Free Rolling Stones tickets? No, it’s a Facebook scam

Filed Under: Data loss, Facebook, Featured, Security threats, Social networks

Are you a Rolling Stones fan?

Lots of people are, and with gigs on the Stones' 2014 tour selling out in hours, you can understand why websites and competitions offering free tickets might seem worth clicking through to.

After all, even if the competition ends up being a load of hot air, or the website does nothing more than offer to enter you into a lucky draw if you purchase a product or service...

...what harm could be done?

Surely it's no riskier than visiting, say, an airline website in the hope of being one of the lucky travellers who gets to buy a $99 ticket for $9?

After all, in the airline case, you probably aren't going to get one of the $9 tickets; they'll all be sold out.

If you don't get to travel for $9, you have to decide whether you want to pay $99 anyway, or wait and try for a cheap ticket some other time.

Of course, there's no cost, and no real risk, in trying: the airline gets you onto its website, which is a small net win for it, even if you don't buy anything; and you get a small chance of scoring cheap travel, or perhaps some other bargain you didn't know about.

Not all special offers are safe

But not all "special offer" sites are made alike, as an anonymous Rolling Stones fan alerted us today.

(She's a Naked Security fan, too. It's Only Chips and Code, but We Like It.)

In her Facebook group, where a bunch of Stones fans hang out, a post had been shared looking like this:

She presumed it was a scam of some sort, and she was right, but she wanted us to look into it and explain how a reader could tell.

Here's what you get if you follow the link:

The good news is that you can tell it's a scam already, because of the pre-requisite:

You can't recommend something that hasn't been explained to you yet.

I'll repeat that, even though it seems like a truism.

You can't recommend something that hasn't been explained to you yet.

So it's even worse to recommend something as a pre-requisite to finding out what it is.

Imagine signing a contract in order to find out what it was you just signed.

That would be reckless and absurd, wouldn't it?

So, in a case like this, you don't need to go any further to work out whether this is a scam - the website told you all by itself.

Of course, if you do look more closely, you'll notice things like:

• For a very limited time we are giving away free tickets.

Just how limited is that timeframe, do you think?

Or are you going to find, after you've told all your friends what a great site this is, that you're too late?

• The processing of your informations [sic] usually takes 3-5 business days.

For a company claiming to be from the UK, that's an unlikely grammatical error (information is a mass noun - it doesn't need or have a plural form).

But it should strike up a bigger warning than merely that the author isn't fluent in English: you're going to be asked for those "informations," which almost certainly means you'll be handing over at some PII (Personally Identifiable Information).

• Don't hesitate to contact us under [sic] giveaway@​rollingstones.​com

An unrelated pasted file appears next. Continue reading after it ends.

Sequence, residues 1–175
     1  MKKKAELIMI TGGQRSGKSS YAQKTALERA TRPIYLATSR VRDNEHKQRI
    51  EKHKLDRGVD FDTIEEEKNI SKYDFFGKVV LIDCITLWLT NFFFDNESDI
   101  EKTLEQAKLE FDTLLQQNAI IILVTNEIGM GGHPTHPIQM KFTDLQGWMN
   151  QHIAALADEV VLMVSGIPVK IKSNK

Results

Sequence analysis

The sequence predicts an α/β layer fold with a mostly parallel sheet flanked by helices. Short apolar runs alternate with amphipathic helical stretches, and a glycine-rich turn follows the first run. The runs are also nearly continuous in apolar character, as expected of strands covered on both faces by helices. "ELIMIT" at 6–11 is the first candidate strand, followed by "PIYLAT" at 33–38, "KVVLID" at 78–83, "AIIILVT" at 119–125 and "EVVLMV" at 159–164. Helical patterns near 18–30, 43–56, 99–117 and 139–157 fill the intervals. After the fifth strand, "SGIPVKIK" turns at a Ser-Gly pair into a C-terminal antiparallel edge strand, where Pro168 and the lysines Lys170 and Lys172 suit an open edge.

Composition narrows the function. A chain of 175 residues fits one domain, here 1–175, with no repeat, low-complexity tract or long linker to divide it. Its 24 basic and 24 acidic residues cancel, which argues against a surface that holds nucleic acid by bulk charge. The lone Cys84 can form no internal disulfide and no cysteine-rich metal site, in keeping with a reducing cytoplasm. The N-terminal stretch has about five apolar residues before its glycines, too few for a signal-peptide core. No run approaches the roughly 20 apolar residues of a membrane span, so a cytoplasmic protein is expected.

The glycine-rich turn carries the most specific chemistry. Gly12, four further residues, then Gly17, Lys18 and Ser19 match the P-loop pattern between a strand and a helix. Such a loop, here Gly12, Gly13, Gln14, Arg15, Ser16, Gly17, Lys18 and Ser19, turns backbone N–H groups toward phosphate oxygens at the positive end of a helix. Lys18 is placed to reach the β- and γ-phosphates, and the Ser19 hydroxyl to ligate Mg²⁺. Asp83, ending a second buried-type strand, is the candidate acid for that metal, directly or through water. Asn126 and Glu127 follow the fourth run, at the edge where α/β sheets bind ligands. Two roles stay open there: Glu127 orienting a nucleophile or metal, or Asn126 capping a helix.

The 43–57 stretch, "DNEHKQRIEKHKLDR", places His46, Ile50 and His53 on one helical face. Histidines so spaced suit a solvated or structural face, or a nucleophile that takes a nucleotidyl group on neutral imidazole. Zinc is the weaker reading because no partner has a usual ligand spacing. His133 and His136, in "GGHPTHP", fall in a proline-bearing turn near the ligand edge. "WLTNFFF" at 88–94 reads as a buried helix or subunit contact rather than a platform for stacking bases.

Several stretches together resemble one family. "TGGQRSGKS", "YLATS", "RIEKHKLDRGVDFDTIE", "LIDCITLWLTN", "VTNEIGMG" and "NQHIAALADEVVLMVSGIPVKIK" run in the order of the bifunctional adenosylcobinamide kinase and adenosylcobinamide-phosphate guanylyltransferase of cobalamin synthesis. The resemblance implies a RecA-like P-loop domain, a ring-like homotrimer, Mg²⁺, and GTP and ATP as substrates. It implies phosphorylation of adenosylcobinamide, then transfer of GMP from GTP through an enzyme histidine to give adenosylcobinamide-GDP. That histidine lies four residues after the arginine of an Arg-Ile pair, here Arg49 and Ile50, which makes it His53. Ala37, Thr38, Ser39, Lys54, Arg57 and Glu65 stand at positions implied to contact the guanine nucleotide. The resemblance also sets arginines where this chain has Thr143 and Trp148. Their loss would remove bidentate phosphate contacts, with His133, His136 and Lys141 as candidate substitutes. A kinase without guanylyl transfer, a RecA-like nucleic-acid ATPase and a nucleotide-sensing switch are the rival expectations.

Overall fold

Another curious usage in English (under is not a preposition usually used with contact), and an even more curious email address that gives the impression of connecting this site with the Stones' official web property, rollingstones.com.

Not that you can click on that email address: it's made to look like a link, but it's only there for appearances.

By the way, SophosLabs took a look behind the scenes and found that the same "special offer" server is also targeting the younger crowd, with a claim of free tickets for One Direction, and dance fans, who are being offered tickets for Tomorrowland 2014.

What happens next?

The obvious question is, "What happens next?"

The way to answer that question is: it doesn't matter.

You already know it's a scam, so follow this simple advice: don't try, don't buy, don't reply.

Stay away, don't click, don't like. don't share.

I can't tell you whether this site will take you to an exploit page, or try to foist malware on you, because I'm simply not willing to share it in the first place to go any further.

Remember that sharing a site that you haven't seen yet, especially to enter a competition under terms that haven't been disclosed, is not just reckless and absurd - it hurts your friends, too.

Friends are more likely to click links you recommend precisely because they're your friends.

So don't diminish that friendship by helping a scammer to get in your friends' faces!

PS. Having said that "it doesn't matter" what comes next, I'll say that a lot of scams of this sort are what's called bait-and-switch.

The bait could be a free iPad, a holiday, or a Rolling Stones ticket; the switch is often some kind of survey or special offer that involves you filling in a form and the scammer earning some referral revenue.

At the end, the bait usually vanishes altogether, or there's a prize draw with one iPad shared amongst everyone who entered, or the offer isn't available in your area, so sorry.

Here's a video showing a typical bait-and-switch based on an free iPhone:

And, for a bit of fun, here's a video, made in 2010, for which we went to Raffles Place in Singapore one lunchtime, and asked people whether they'd click a link just because it promised a free iPad or iPhone.

(The iPhone 4 is mentioned in the video as a tempting bait because it was just being launched, so lots of people wanted one.)

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About the author

Paul Ducklin is a passionate security proselytiser. (That's like an evangelist, but more so!) He lives and breathes computer security, and would be happy for you to do so, too. Paul won the inaugural AusCERT Director's Award for Individual Excellence in Computer Security in 2009. Follow him on Twitter: @duckblog